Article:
Essar Steel begins work to reroute the longest slurry pipeline

In a major risk mitigation step, has started surveying the areas through which it would reroute the Kirandul-Vizag pipeline, which transports iron ore in the form of slurry from Chhattisgarh to its pelletisation plant in Visakhapatnam.

At 267 km, the is the longest slurry pipeline in India, which runs through forest areas infested by Maoists.

Amit Agarwal, chief financial officer, Essar Steel, confirmed the rerouting has been approved and the company was currently scouting for a new path for the pipeline.

However, the rerouting will make the pipeline much longer as the company is trying to bypass as much of forest land as possible and be close to the state and national highways. Essar Steel did not disclose the amount it will spend on the new route as the project is currently being developed. However, the cost would be more than Rs 1,000 crore, the amount it spent on laying down the pipeline earlier. This is a risk mitigation step that the company has been planning for a while now. The timeline of the survey and the completion of the rerouting is currently in the works.

The Kirandul-Vizag pipeline was attacked by Maoists in October 2011, which left the operations at its pellet plant crippled. The company had chosen the particular 267-km route earlier as it was the shortest distance between the benefication plant in Kirandul, Chhattisgarh, to its pellet plant in Visakhapatnam. Therefore, the pipeline ran through forest areas and regions which were known to be Maoist-infested.

When it built another pipeline connecting Dabuna and Paradip in Odisha, Essar Steel laid it down near the highways to mitigate the red terror risks. Based on the same philosophy, the steelmaker is now rerouting the first pipeline along the highways to make it safer from unnatural disruptions.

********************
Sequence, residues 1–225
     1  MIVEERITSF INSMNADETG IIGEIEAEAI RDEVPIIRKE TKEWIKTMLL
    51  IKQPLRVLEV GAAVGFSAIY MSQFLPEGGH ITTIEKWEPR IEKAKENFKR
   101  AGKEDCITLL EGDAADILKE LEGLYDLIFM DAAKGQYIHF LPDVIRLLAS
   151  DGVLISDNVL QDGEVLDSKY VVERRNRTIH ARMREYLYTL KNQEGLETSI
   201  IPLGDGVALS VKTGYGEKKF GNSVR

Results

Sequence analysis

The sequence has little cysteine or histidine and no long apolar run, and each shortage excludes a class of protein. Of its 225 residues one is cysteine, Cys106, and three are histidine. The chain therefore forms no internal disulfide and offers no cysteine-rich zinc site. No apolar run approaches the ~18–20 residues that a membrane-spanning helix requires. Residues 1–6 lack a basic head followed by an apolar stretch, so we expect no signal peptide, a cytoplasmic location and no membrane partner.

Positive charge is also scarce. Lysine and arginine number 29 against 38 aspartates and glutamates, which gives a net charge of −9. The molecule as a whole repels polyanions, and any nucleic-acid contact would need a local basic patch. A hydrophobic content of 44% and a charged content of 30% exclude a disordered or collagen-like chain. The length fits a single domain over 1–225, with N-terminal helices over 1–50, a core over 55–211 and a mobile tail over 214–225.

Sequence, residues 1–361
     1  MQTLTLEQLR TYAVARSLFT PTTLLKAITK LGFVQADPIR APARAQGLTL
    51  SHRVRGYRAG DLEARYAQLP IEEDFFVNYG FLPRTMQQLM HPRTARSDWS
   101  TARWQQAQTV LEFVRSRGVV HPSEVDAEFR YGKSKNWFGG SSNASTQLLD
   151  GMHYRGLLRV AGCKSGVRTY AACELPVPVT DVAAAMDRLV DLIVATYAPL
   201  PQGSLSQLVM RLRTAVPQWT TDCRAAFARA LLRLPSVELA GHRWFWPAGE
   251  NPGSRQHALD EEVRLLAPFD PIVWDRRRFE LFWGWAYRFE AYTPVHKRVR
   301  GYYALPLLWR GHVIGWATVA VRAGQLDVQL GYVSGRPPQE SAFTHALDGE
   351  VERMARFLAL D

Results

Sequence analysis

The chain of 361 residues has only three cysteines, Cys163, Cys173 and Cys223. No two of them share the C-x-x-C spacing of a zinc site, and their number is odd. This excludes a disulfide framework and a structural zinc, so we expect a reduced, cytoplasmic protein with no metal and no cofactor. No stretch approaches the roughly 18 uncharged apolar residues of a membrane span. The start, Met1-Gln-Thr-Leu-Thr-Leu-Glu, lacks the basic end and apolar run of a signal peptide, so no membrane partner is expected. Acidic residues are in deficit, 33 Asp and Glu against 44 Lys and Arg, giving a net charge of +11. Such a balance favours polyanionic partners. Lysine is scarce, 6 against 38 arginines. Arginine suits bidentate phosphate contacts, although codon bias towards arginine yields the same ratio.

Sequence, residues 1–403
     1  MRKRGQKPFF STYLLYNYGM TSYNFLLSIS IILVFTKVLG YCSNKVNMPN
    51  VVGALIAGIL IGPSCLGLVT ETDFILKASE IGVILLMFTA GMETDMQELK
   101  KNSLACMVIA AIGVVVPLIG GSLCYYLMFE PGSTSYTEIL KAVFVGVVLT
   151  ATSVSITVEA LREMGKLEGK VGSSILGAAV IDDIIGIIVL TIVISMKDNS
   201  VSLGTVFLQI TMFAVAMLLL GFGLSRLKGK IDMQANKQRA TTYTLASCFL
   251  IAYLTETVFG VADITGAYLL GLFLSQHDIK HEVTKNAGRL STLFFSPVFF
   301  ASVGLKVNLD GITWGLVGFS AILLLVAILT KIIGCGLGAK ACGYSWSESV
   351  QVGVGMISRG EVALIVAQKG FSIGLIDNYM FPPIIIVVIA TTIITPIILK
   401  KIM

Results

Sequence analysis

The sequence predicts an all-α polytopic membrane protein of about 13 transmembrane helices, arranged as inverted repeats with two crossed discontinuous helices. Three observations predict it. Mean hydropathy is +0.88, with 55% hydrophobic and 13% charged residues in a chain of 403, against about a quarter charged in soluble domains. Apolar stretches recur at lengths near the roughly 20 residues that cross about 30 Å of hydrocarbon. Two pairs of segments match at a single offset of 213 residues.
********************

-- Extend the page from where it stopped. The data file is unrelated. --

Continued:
The Visakhapatnam pellet plant has a capacity of 8 mt. The company gets iron ore from and feeds it to the benefication plant in Kirandul. Afterwards, the ore is sent to the pellet plant in Visakhapatnam via the pipeline. The ore will be converted into pellets at the plant and then shipped to Essar’s Hazira steel plant.

Essar recently expanded the capacity of its steel plant in Hazira, Gujarat, to 10 million tonnes (mt). It needs 20 mt of ore every year to feed the steel plant. Therefore, the functioning of the Kirandul-Vizag pipeline is crucial for the functioning of the steel plant in Hazira.

Essar Steel said the company was in talks with various for setting up the new pipeline but no decision has been taken yet. Agarwal said the contract hadn’t been awarded to anyone yet, as “we are still surveying the possible areas from the pipeline could be laid”.

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Essar Steel begins work to reroute the longest slurry pipeline

Shubhashish  |  Mumbai 



In a major risk mitigation step, has started surveying the areas through which it would reroute the Kirandul-Vizag pipeline, which transports iron ore in the form of slurry from Chhattisgarh to its pelletisation plant in Visakhapatnam.

At 267 km, the is the longest slurry pipeline in India, which runs through forest areas infested by Maoists.

Amit Agarwal, chief financial officer, Essar Steel, confirmed the rerouting has been approved and the company was currently scouting for a new path for the pipeline.

However, the rerouting will make the pipeline much longer as the company is trying to bypass as much of forest land as possible and be close to the state and national highways. Essar Steel did not disclose the amount it will spend on the new route as the project is currently being developed. However, the cost would be more than Rs 1,000 crore, the amount it spent on laying down the pipeline earlier. This is a risk mitigation step that the company has been planning for a while now. The timeline of the survey and the completion of the rerouting is currently in the works.

The Kirandul-Vizag pipeline was attacked by Maoists in October 2011, which left the operations at its pellet plant crippled. The company had chosen the particular 267-km route earlier as it was the shortest distance between the benefication plant in Kirandul, Chhattisgarh, to its pellet plant in Visakhapatnam. Therefore, the pipeline ran through forest areas and regions which were known to be Maoist-infested.